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April 16 - We use both tails of the sampling distribution...

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April 16, 2008 Introduction to inferential statistics IV. Testing about a population mean o We can test whether our sample mean is significantly different than a known population mean o Examples: Are college graduates’ salaries different than the overall average salary? Is the average life expectancy for smokers different than the population average? o Based on probability IV. Hypothesis and alpha o Null hypothesis: the sample and population means are equal H 0 : = μ Assuming no difference in age groups (smoking vs. non-smoking) o Alternative hypothesis: they aren’t equal H 1 : μ o Then, select alpha (alpha α=.05) What is the “critical value of z”?: +/- 1.96 Calculating our test statistics: o Formula for calculating z: Z calculated = (- μ)/ (s/ n ) o If z calculated > z critical , we reject the null hypothesis o This means out sample result is unlikely, if H 0 is true IV. Two-tailed test o A non-directional test is called a two-tailed test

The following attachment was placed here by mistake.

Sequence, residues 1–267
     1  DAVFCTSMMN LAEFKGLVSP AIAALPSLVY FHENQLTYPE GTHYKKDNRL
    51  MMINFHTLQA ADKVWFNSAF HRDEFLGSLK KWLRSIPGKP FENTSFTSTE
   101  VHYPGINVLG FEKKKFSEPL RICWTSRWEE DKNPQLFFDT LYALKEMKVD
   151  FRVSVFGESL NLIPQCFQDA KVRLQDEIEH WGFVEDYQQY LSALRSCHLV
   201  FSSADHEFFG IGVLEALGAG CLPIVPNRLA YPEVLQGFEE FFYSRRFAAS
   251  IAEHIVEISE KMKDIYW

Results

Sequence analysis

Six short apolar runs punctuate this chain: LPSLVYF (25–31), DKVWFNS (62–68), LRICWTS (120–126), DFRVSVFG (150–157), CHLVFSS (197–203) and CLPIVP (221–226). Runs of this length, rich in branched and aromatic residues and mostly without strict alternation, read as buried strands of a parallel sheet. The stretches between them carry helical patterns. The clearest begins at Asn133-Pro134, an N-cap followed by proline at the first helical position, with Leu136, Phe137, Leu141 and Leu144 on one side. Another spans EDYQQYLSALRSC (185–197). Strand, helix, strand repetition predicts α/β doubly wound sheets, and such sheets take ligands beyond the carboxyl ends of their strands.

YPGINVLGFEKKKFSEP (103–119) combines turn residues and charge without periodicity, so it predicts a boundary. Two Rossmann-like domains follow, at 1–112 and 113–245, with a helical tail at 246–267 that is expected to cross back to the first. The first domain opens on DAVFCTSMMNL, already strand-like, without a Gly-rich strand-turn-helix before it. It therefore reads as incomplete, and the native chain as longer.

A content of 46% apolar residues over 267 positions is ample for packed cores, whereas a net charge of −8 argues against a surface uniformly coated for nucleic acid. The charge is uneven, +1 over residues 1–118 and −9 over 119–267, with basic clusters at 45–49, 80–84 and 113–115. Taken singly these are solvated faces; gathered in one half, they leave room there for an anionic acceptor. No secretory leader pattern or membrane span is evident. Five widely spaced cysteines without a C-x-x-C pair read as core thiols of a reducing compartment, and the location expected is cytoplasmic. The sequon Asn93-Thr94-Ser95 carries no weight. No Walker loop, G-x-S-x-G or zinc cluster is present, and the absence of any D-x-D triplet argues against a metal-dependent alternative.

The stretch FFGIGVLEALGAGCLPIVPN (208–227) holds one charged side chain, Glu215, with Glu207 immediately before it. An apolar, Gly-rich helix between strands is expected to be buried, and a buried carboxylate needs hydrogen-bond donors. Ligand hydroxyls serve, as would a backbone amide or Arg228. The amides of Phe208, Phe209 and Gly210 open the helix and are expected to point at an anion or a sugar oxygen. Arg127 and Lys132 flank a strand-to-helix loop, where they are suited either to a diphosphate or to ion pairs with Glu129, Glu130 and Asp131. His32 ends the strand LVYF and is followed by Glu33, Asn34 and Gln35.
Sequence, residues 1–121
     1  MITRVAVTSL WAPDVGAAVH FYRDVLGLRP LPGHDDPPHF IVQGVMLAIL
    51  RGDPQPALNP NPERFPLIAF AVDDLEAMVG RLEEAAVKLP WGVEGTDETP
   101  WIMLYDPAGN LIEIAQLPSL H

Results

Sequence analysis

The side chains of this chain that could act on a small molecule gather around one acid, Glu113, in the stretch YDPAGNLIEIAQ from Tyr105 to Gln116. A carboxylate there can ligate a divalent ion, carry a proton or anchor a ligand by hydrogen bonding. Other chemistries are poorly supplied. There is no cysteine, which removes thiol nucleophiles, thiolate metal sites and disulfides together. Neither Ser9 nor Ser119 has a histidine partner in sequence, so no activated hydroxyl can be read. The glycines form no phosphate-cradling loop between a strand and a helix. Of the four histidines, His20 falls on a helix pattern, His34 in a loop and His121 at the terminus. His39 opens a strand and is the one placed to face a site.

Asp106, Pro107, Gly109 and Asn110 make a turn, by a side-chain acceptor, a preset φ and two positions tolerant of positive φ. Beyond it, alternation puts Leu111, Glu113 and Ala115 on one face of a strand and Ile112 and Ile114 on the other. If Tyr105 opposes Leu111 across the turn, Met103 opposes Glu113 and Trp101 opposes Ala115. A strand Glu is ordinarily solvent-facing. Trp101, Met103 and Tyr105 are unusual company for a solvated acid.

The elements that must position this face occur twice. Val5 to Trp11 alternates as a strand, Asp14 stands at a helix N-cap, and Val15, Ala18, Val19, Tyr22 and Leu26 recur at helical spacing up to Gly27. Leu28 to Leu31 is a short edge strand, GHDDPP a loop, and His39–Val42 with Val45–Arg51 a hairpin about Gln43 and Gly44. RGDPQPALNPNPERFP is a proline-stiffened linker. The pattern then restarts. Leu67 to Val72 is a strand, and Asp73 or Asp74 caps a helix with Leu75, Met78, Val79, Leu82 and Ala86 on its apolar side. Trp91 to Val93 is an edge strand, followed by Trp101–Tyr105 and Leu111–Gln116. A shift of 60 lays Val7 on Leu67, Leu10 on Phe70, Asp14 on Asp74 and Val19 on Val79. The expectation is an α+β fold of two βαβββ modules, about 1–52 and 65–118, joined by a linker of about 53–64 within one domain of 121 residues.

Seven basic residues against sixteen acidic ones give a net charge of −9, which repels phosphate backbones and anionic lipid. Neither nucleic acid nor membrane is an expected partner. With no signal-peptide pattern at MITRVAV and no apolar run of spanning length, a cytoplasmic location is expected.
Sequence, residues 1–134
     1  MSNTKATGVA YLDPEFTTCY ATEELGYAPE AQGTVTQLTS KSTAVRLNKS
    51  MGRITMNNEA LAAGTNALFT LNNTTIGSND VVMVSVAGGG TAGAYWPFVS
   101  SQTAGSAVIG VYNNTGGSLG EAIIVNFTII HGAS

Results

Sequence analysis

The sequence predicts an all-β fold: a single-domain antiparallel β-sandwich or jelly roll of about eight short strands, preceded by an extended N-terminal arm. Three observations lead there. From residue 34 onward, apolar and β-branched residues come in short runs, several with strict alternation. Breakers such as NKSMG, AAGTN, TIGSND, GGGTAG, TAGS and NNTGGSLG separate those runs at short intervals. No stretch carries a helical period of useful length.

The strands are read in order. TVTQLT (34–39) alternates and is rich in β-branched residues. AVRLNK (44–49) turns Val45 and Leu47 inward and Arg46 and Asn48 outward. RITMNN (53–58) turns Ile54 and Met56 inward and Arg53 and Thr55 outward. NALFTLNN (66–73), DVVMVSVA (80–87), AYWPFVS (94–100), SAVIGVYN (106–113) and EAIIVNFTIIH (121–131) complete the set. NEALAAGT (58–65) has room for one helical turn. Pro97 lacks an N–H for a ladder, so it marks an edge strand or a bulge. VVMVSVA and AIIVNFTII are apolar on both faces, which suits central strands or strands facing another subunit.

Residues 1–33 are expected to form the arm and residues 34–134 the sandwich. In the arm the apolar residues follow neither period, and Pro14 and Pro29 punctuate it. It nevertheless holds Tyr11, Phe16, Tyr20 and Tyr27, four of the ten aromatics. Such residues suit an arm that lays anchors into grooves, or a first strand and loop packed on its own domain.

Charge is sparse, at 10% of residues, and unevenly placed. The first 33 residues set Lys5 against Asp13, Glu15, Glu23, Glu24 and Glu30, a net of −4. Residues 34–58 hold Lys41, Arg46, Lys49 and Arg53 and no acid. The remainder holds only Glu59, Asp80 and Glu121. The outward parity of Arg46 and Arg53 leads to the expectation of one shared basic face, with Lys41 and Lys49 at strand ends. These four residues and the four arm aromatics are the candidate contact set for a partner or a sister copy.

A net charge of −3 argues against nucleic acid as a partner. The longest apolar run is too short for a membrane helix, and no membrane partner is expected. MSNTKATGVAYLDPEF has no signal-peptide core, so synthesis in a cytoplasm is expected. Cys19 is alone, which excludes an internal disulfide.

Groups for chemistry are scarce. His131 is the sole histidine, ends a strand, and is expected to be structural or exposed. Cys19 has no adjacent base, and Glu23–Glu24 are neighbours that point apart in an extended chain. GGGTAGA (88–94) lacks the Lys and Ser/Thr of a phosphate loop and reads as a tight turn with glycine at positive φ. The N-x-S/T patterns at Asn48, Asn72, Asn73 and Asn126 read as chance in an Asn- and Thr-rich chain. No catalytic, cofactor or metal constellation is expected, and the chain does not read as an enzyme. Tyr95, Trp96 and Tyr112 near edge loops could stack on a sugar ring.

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Unformatted text preview: We use both tails of the sampling distribution Our alternative hypothesis is non directional – H : = μ IV. One tailed tests o A directional test is called a one-tailed test We use only one tail of the sampling distribution Out alternative hypothesis is directional – H 1 : > μ IV. Why use a one tailed vs. two-tailed tests? o Only if we have a theoretical reason in advance. o One-tailed test gives us more power o But we might miss unexpected results IV. Using the t-distribution o For smaller samples, we use the t-distribution instead of the z-distribution o Formula is the same: T calculated = (- μ)/ (s/ n ) o But our critical value of t might be different than our critical value of Z Z calc μ = 2.5 Z calculated = (- μ)/ (s/ n ) = 2.8 = (2.8-2.5)/(6/ 100 ) S x = 6 Z calculated = 5 n = 100 α = .05 H : = μ H 1 : ≠ μ...
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April 16 - We use both tails of the sampling distribution...

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